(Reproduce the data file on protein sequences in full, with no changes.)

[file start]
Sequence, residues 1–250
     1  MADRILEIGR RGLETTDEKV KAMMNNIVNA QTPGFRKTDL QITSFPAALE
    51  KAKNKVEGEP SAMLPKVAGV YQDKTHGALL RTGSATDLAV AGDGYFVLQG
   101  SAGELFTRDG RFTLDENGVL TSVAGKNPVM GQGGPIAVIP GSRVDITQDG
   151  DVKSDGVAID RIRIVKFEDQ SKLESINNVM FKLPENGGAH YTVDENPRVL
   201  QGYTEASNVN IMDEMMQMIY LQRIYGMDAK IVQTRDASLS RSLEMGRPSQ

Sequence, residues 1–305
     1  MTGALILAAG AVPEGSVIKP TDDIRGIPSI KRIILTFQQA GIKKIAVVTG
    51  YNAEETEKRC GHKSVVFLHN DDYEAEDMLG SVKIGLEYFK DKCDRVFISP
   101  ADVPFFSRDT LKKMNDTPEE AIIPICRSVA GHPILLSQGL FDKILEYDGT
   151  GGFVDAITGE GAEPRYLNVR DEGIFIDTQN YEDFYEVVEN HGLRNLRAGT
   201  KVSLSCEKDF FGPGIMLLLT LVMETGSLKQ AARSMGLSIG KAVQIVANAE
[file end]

Sequence, residues 1–250
     1  MADRILEIGR RGLETTDEKV KAMMNNIVNA QTPGFRKTDL QITSFPAALE
    51  KAKNKVEGEP SAMLPKVAGV YQDKTHGALL RTGSATDLAV AGDGYFVLQG
   101  SAGELFTRDG RFTLDENGVL TSVAGKNPVM GQGGPIAVIP GSRVDITQDG
   151  DVKSDGVAID RIRIVKFEDQ SKLESINNVM FKLPENGGAH YTVDENPRVL
   201  QGYTEASNVN IMDEMMQMIY LQRIYGMDAK IVQTRDASLS RSLEMGRPSQ

Sequence, residues 1–305
     1  MTGALILAAG AVPEGSVIKP TDDIRGIPSI KRIILTFQQA GIKKIAVVTG
    51  YNAEETEKRC GHKSVVFLHN DDYEAEDMLG SVKIGLEYFK DKCDRVFISP
   101  ADVPFFSRDT LKKMNDTPEE AIIPICRSVA GHPILLSQGL FDKILEYDGT
   151  GGFVDAITGE GAEPRYLNVR DEGIFIDTQN YEDFYEVVEN HGLRNLRAGT
   201  KVSLSCEKDF FGPGIMLLLT LVMETGSLKQ AARSMGLSIG KAVQIVANAE